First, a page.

Our Mission

Our mission, our vision, our promise

Carson Valley Meats’ mission is to preserve the agricultural character of the Carson Valley, promote the education of future generations of ranchers, and support local ranchers and producers in any way possible, including establishing a processing facility for local ranchers and livestock producers to process locally so that our neighbors and surrounding communities may purchase regionally sourced meats.

Our Carson Valley Meats Ranch Boxes are a way to connect our local community with our regional food producers. Our proposed facility in the area zoned specifically for general industrial purposes will support the “Farm to Table” movement by providing a viable local alternative for both the producer AND the consumer. This operation will reduce the cost of production of meat for local ranchers and provides a high-quality, fresh source of meat for area residents.

We are here to give the ranchers and producers the support they need so they can keep our valley full of open space, preserve the agricultural way of life and provide our region with the highest quality locally produced products.

Our Vision

By Karin Sinclair, Carson Valley Meats Founder

My goal with purchasing the historic Storke Dairy in Gardnerville was to turn it into a working ranch again. And we have. We cut our own hay from our fields to feed our livestock. We have cattle in the pastures and animals in the barns. We’ve improved the slough and the land, cleaned up decades of trash and detritus and we can proudly say this is a working ranch, providing locally sourced meats for our neighbors.

I keep saying they’re not making any more dirt, so it’s a really big thing to preserve the ground that’s there. The history of the Storke Dairy, is a really big thing because it meant so much to the family and it was a real hard decision for them to close it up and move. So, I wanted to revamp that and bring it back.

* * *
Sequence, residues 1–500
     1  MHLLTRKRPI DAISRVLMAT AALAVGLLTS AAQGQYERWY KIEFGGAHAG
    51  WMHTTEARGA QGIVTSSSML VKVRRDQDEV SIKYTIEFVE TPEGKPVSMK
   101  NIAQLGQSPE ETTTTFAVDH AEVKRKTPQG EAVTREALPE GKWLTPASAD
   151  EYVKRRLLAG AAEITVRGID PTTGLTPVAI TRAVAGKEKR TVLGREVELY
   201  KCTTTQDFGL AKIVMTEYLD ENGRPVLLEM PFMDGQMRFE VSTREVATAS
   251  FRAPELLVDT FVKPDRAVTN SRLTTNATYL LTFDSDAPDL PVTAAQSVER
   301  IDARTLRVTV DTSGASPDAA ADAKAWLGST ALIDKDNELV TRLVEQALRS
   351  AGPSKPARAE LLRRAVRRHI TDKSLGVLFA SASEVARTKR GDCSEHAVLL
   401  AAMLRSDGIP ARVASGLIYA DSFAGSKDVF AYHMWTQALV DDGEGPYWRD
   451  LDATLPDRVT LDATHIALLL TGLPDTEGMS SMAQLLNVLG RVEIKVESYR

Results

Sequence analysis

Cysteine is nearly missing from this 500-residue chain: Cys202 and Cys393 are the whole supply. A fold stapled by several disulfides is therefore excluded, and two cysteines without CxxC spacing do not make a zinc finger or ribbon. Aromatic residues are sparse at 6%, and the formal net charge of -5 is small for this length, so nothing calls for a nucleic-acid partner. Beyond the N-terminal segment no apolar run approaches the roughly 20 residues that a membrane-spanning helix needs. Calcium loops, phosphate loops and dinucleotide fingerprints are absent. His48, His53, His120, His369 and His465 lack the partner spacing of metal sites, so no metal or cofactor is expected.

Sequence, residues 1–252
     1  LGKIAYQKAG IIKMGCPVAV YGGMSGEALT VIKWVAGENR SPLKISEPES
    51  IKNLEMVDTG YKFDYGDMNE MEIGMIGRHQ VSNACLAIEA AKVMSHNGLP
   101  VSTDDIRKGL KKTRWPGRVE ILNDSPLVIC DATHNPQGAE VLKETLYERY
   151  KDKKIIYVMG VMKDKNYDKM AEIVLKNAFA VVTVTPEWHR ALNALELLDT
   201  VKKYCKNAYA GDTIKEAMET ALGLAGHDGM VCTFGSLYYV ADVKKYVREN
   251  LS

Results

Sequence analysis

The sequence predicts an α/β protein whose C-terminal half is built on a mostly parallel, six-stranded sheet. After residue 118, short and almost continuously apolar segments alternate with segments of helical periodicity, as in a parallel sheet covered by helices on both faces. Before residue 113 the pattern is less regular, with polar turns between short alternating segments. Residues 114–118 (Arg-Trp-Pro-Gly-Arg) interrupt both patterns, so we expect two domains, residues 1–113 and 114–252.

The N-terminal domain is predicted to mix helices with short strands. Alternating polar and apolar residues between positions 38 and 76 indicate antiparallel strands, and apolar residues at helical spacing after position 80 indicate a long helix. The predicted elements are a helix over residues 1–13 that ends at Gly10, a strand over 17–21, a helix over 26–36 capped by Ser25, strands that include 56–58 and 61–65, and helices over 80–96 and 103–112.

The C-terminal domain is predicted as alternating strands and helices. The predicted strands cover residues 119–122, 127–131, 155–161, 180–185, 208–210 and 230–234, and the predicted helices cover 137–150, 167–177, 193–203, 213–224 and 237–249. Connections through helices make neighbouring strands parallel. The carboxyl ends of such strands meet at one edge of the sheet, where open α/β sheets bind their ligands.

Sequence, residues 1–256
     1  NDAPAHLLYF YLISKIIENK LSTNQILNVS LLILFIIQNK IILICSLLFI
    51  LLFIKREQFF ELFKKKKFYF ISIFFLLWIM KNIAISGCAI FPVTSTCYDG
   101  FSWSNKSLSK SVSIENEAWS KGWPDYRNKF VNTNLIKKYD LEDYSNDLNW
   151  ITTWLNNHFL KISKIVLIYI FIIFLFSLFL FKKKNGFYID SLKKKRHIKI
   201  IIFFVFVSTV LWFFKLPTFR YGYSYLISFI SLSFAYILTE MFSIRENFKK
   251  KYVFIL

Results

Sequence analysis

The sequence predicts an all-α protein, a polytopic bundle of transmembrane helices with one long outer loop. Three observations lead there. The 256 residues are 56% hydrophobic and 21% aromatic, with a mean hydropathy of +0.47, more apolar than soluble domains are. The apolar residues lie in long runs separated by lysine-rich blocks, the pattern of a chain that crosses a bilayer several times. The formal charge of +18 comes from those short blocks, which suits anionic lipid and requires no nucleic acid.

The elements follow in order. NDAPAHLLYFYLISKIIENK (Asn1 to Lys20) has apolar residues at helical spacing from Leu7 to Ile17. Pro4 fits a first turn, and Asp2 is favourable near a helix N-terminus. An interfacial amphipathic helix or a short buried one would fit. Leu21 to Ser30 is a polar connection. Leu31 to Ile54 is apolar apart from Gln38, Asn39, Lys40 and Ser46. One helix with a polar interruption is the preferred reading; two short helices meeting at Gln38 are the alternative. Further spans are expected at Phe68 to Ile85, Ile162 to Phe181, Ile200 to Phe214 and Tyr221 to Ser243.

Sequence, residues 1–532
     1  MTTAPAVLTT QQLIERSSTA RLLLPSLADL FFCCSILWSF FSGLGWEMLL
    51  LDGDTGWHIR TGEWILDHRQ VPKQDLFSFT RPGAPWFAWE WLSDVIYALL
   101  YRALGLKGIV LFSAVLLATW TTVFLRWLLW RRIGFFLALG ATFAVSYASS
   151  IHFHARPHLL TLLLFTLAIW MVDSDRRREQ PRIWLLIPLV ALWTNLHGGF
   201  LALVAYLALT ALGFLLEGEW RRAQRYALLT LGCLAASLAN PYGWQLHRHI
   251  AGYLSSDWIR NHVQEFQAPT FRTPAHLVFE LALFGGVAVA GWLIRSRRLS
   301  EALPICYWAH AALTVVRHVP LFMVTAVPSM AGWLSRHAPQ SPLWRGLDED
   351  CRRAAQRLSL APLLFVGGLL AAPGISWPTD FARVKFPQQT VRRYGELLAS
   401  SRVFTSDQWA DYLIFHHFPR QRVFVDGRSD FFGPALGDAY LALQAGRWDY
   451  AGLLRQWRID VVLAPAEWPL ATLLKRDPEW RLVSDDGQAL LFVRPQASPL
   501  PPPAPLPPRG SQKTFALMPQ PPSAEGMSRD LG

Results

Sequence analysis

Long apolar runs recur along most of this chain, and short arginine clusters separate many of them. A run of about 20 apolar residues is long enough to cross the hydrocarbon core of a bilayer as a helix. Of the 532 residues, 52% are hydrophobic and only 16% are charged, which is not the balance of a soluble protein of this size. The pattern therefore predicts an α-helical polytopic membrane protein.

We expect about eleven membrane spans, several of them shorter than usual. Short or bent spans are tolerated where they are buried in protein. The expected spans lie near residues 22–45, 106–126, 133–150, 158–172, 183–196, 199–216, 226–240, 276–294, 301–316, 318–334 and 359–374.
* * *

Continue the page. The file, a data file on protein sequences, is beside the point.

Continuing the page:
The same with Carson Valley Meats. The history of Carson Valley Meats is still a big deal in the Carson Valley, and the people we spoke with, some were teary-eyed about the idea of bringing it back through providing locally produced food products to our community.

As a rancher, I raise my animals on this historic ground. There’s a lot of good things that people used to do, and if we can learn from them, we can preserve them. As a food producer, I subscribe to the Temple Grandin humane treatment of animals philosophy.  My animals are lovingly raised and humanely processed.

Bringing back the history of the place is big to me. If you listen to the prior owners of that dairy and how sad they were to leave it, if you can bring that back and make it better…. that was always something I was taught. If you borrow something, you return it in as good, if not better, shape than when you borrowed it. And that’s what I wanted to do. I wanted to bring that back. And I did.

Our Promise

By Mike Holcomb, Carson Valley Meats Operations Manager

This is a valley full of cattle. Many local ranchers are struggling to get their animals harvested because the facilities around the region are full. It’s a tremendous waste of energy for people to have to truck their animal’s miles away when we have the ability to do this right here in our backyard.

The existing processing facilities in the region are booked solid, and it often creates a problem for ranchers who may not be ready in their pre-arranged appointment time, but have animals in their pipelines who will be ready outside that time frame.

Our Carson City plant will be open to anybody and everybody.

We’re thinking maybe 20 beef per week, the other 40 would be spread between goats, sheep, lambs and pigs. It could be 30 beef one week; we just don’t know. There’s got to be a give and take with the ranchers and that’s our goal. To add another avenue for those ranchers who all of a sudden have an animal they have to get it processed.

The county paperwork shows 60 animals a week total. That’s not 60 beef, 60 sheep and 60 goats. It’s 60 animals a week. It could be one beef and 59 sheep. That’s the county code. It’s important for people to understand it’s 60 animals a week per county code. That’s it.

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